Arduino Mega based Z80 CPU board tester

Inspired by discussions at the TRS-80 Dutch Usergroup meetings, I created a board exorciser for Z80 CPU based computers. It allows memory inspection, writing to memory, I/O port reading and writing, and low level signal exercising. In short, a tool which can help troubleshooting Z80 boards.

As it does not use a real Z80, signals are easier to check as the Z80 refresh for dynamic RAM does not interfere. As a result a dynamic RAM test will not work, but all address, data and control lines can be exercised with simple patterns, slowing the process so a logic probe can effectively be used.

The Arduino Mega is the only expensive parts needed, other parts need some soldering experience. But beware, this will not fix your broken computer. It can only help you fixing it!

There are two modes of operation;

exerciser with TRS-80 moldel I

What it doesn't do is execute Z80 code. It is an Arduino Mega board with a passive shield, wiring pins to the Z80 socket. The Arduino Mega is used as it has the required 37 pins available needed to fully exercise the Z80 pins. Only the Clk signal is not connected to an Arduino pin.

exerciser connector to Z80 socket exerciser shield

To use the Z80 exer, the Z80 CPU is removed from its socket and the flatcable socket pod inserted. The other end of the flatcable is connected to the Arduino shield and the Arduino to a modern PC with a terminal emulator.

exerciser shield exerciser shield solder side exerciser cable

The exerciser is controlled by a simple command set via the Arduino USB port. This can be used via the Arduino IDE console or any terminal emulator. The wiring is quite simple, just connecting Arduino pins to the Z80 connector. The shield, flatcable and 40-pin socket connector are completely passive, only 1-to-1 connections. No diagram yet, but the connections are defined in the Z80pins.h and README.txt file in the download tgz-files.

The commands:

    -- Z80 exerciser v0.8                                          
     -- debugging command set --
    Aaaaa            - set address bus to value aaaa
    Bpp or B#ss      - blink pin p (in hex) or symbol: A0-AF,D0-D7,RD,WR.MQ,IQ,M1,RF,HT,BK
    MRaaaa[+]        - Read memory address aaaa, optionally repeating
    MWaaaa vv[+]     - Write vv to address aaaa, optionally repeating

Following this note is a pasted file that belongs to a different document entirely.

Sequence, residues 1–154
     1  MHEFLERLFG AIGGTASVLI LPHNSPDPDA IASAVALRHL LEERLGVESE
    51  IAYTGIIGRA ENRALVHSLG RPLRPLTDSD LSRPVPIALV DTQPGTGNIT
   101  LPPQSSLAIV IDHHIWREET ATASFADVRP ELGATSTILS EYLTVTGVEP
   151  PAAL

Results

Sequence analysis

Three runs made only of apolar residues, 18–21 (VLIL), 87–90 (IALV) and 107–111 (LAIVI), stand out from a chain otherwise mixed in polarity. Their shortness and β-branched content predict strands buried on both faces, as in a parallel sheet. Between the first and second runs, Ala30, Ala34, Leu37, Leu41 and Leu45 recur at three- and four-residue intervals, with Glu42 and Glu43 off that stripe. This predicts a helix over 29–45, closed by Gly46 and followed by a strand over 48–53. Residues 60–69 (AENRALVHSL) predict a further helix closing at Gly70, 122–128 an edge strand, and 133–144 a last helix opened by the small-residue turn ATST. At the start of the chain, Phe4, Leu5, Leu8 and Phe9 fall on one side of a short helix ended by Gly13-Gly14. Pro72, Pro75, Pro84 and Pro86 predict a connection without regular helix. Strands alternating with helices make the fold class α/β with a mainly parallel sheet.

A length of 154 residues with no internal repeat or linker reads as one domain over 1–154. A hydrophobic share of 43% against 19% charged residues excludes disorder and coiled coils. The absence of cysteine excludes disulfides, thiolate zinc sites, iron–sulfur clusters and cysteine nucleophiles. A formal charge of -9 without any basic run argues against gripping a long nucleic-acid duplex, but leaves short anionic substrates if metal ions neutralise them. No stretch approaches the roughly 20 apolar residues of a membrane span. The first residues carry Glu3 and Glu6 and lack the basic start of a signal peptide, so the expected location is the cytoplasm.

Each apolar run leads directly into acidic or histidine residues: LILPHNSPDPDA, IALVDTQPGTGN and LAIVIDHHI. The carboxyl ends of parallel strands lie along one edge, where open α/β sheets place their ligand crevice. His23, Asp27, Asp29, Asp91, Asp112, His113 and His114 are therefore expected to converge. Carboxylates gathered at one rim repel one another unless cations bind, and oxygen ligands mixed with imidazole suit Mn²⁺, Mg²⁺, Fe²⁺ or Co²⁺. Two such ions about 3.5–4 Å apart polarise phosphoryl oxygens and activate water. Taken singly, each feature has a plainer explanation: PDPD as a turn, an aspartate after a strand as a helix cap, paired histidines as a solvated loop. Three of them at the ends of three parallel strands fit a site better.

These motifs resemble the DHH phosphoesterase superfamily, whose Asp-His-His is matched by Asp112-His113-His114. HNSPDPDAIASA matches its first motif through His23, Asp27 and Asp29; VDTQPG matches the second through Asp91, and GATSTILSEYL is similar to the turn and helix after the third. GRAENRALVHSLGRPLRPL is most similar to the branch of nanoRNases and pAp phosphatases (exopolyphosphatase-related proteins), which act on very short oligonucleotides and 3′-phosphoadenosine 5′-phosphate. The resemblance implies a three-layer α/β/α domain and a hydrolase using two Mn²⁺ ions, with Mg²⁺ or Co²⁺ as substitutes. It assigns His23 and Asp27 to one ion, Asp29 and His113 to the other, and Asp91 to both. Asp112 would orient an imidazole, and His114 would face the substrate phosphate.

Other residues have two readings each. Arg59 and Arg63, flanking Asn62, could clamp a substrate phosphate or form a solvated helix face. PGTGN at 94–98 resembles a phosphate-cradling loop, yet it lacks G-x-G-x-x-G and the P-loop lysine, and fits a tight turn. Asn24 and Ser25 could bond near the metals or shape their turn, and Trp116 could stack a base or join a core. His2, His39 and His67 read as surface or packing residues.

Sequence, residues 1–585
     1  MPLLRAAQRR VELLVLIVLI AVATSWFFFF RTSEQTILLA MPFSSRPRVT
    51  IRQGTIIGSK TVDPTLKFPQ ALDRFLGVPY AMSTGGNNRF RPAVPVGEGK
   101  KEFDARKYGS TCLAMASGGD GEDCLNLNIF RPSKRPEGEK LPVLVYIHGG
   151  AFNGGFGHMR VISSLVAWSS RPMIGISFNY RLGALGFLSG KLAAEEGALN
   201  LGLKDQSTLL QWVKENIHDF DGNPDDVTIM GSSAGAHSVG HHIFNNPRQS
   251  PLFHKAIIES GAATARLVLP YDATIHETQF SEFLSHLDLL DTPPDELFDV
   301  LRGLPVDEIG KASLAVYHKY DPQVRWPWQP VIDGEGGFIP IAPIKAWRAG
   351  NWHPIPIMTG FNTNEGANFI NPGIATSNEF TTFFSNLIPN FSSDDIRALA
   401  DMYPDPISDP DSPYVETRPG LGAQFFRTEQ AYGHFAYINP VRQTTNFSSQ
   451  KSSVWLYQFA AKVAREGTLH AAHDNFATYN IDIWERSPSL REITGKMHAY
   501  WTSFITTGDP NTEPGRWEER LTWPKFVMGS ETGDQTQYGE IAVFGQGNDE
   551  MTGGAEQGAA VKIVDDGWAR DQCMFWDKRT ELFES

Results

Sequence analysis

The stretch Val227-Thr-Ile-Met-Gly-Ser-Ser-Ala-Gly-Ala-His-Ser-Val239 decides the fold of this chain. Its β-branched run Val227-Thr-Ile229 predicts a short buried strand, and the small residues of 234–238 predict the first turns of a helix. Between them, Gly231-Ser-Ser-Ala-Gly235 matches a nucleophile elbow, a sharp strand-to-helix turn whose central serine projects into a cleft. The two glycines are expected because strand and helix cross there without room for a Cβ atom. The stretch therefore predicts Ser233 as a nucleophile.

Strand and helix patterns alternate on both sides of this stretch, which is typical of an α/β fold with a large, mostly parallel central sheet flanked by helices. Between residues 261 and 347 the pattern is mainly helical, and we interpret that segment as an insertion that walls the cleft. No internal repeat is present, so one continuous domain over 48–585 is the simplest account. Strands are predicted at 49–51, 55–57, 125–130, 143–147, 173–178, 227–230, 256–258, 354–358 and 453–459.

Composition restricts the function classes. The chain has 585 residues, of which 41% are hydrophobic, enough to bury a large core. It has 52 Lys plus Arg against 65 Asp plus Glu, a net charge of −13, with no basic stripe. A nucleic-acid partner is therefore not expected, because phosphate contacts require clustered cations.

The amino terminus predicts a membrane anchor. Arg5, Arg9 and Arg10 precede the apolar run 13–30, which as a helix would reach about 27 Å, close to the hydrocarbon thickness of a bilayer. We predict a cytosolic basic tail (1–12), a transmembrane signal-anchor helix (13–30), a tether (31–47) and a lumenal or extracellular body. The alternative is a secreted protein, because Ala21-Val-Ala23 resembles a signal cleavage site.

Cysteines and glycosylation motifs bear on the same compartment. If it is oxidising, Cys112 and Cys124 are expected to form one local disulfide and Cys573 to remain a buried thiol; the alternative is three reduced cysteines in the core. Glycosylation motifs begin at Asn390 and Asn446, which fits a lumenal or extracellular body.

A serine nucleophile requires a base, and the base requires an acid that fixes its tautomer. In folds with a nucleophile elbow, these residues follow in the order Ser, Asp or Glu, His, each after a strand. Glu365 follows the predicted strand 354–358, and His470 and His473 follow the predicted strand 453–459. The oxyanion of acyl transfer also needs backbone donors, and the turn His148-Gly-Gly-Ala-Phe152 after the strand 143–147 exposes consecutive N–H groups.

PRaa[+]          - Read port address aa, optionally repeating
    PWaa:vv[+]       - Write vv to address aa, optionally repeating
    Tp               - exercise Arduino port p: ACDHKL
    V                - view data bus, pins INT, NMI, WAIT, BUSRQ, RESET
    Wpp v or W#ss v  - Write pin (in hex) or symbol: A0-AF,D0-D7,RD,WR.MQ,IQ,M1,RF,HT,BK; values 0, 1
    Xt               - Tri-state all Arduino pins. 0: off, 1: on.
     -- operational command set --
    Cssss-eeee       - Calculate checksum over a range
    D[ssss[-eeee]|+] - Dump memory from ssss to eeee (default 256 bytes)
    Issss-eeee       - Generate hex intel data records
    O                - Input Port map
    Sssss-eeee:vv    - fill memory range with a value
    Ussss-eeee       - test RAM range (walking 1s)
     -- misc. command set --
    E                - Toggle echo
    H                - This help text
    R[+|-]           - Refresh on/off
    Qn               - Repeat rate; 1, 2, 4, 8, 16, ..., 32678 ms (n=0-9,A-F)
    ?                - This help text

Some commands have a repeat suffix; allowing the operation to be repeated. The repeat rate is determined by the Q command, and exponential: 1, 2, 4, 8, 16, ..., ms. Of course some commands like 'D' are so slow fast repeat times do not make much sense.

Usage and start of the Model I ROM

This shows a dump of the first two 256 byte blocks of the memory map. Clearly a TRS-80 model I with a 'Japanese' ROM. The commands were "?", "D0000", "D". (The latter uses the next block by default)

keyboard map with SPACE, Enter and a pressed

This shows three views of the keyboard area with respectively the SPACE, ENTER and 'A' key pressed.

For computers with static video RAM and a fixed character frame buffer like the TRS-80 Model I, III, 4 line, the exerciser can be used to fill the video memory with a known character value, which are immediatly visible on the screen. Bit errors are easy to find this way. Clearing the screen would be "S3C00 3FFF 20".

The code is currently ~11.5 kByte large, so plenty of room for future expansion (Mega has 256 kByte Flash memory). With code changes it could even work on a Uno, but this would make the shield more complex because a pin expander would be required.

The exersized pins can of course be checked with a multimeter or scope, but I usually use a logic probe which indicates the level of a signal; high, low or undefined.

Plans are:

Of course, if nobody is interested, not much would probably happen. Plenty of other projects.

Z80 & TRS80 M1 shield

David Mutimer <> created an expanded shield, allowing connection to both the Z80 socket as well as the TRS-80 Model 1 expansion interface. He also improved the firmware. See this thread: TRS-80-diagnostic-ICE-card.

At one time I created a real board, version 1.1. It has some flaws:

A new board is planned, but it has to wait for some testing of the TRS-80 MI header.

Software versions:

The latest version is on GitHub.

The pictured version 1.1 had some issues but it easy to patch. There is a schematic and KiCAD files for a version 1.2 but it was never produced and tested. I'm confident the Z80-CPU header will work, but the TRS-80 M1 extension header (used by the David Mutimer code) is completely untested.

The Z80exer Arduino sketch is released under the 3-clause BSD license.

Last updated: 2023-05-24